$100 a barrel oil “sure is possible,” Harold Hamm, executive chairman at Continental Resources, told FOX Business on Thursday, commenting on oil prices and supply and demand on the oil market.
Oil prices are coming back where they were pre-pandemic, Hamm said, noting that commodity prices, including crude and natural gas, have returned to sustainable levels following last year’s crisis.
Asked to comment on the rising price of WTI Crude, which hit $73 per barrel this week, Hamm said that the U.S. Administration’s moratorium on federal permits and the disciplined business operations of the U.S. shale patch this year have played a part in reduced oil supply.
“The market is not paying for growth today,” Hamm told FOX Business.
“People are disciplined in their approach and they are giving a lot back to their investors and that’s what the market is looking for today,” the shale executive added.
“When you get to constraining supply you get prices that go up and that is a lot what is happening today,” Hamm noted.
$100 oil would likely bring back more drilling and supply in the United States, but there is a possibility that prices could go up as high as triple digits, according to Continental Resources’ executive chairman.
Hamm is the latest oil executive not ruling out the idea of $100 oil.
The chief executives of some of the world’s largest oil companies also said earlier this week that $100 oil isn’t a fantasy.
Exxon’s Darren Woods, TotalEnergies’ Patrick Jean Pouyanné, and Shell’s Ben van Beurden said oil prices could continue rising because of the tightness of supply brought about by lower investments in production. They added, however, that market volatility could also pressure prices.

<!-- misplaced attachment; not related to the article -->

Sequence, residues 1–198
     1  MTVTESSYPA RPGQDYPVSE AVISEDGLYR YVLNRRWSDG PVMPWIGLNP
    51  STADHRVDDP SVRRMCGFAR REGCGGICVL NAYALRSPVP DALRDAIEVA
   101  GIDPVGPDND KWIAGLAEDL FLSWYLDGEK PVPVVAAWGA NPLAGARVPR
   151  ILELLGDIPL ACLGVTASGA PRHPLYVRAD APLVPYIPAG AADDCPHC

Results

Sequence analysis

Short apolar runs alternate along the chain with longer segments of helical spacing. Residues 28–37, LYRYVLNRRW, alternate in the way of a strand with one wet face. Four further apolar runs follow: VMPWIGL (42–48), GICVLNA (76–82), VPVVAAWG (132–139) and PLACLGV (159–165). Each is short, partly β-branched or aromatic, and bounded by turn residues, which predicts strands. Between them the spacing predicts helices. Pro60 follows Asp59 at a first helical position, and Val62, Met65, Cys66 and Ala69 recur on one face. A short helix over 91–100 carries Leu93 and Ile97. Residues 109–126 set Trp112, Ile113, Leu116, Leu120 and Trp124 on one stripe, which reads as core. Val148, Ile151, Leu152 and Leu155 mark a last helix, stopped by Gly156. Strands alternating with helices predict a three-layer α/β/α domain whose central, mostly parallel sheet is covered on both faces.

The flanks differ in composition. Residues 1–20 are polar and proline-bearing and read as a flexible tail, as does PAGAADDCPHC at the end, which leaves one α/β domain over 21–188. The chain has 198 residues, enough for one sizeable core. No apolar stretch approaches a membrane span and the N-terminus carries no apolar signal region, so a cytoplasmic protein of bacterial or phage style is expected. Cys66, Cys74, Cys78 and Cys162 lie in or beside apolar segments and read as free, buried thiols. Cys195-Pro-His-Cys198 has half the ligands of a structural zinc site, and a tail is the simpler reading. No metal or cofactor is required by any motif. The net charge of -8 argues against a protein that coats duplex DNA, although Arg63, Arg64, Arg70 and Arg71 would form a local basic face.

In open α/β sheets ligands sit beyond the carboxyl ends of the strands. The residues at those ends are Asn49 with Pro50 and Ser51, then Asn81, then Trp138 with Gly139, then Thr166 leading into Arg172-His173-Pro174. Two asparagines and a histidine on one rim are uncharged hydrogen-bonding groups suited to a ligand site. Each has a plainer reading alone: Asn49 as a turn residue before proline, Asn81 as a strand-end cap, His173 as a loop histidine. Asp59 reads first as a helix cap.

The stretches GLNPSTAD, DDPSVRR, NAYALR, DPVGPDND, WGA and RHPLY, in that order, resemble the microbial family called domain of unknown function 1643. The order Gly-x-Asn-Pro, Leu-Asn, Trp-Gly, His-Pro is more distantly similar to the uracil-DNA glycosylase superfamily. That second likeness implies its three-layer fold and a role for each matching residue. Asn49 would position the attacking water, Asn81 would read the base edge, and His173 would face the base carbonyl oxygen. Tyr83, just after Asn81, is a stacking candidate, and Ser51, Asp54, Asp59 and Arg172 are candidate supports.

Expectations that strong demand recovery would outpace supply in coming months could lead to oil prices briefly hitting $100 per barrel in 2022, BofA Global Research said this weekend.
The world’s largest independent commodity traders are also bullish, not ruling out $100 oil. Although oil may not be headed to a new supercycle, prices still have room to rise from current levels because of a strong demand rebound and expected tightness in supply, top executives at Trafigura, Vitol, and Glencore said at the FT Commodities Global Summit last week.
By Tsvetana Paraskova for Oilprice.com
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1- A roaring global economy growing this year at 6.3%, one of its fastest growth rates in recent years.
2- Declining investments in oil leading to a supply deficit by 2022/23.
3- Persistent pressure on Big Oil to divest of its oil and gas assets or cut production.
4- Oil could be headed to a supercycle.
Oil will continue to reign supreme well into the future. Therefore, there could never ever be a net-zero emissions.
Dr Mamdouh G Salameh
International Oil Economist
Visiting Professor of Energy Economics at ESCP Europe Business School, London
All the "very smart people" currently in charge are making every dumb mistake possible and we are ALL going to pay the price. Literally and figuratively.
It will be interesting to watch the knots they tie themselves into to 1. Blame Trump, and 2. Absolve themselves of all responsibility for the disaster that awaits!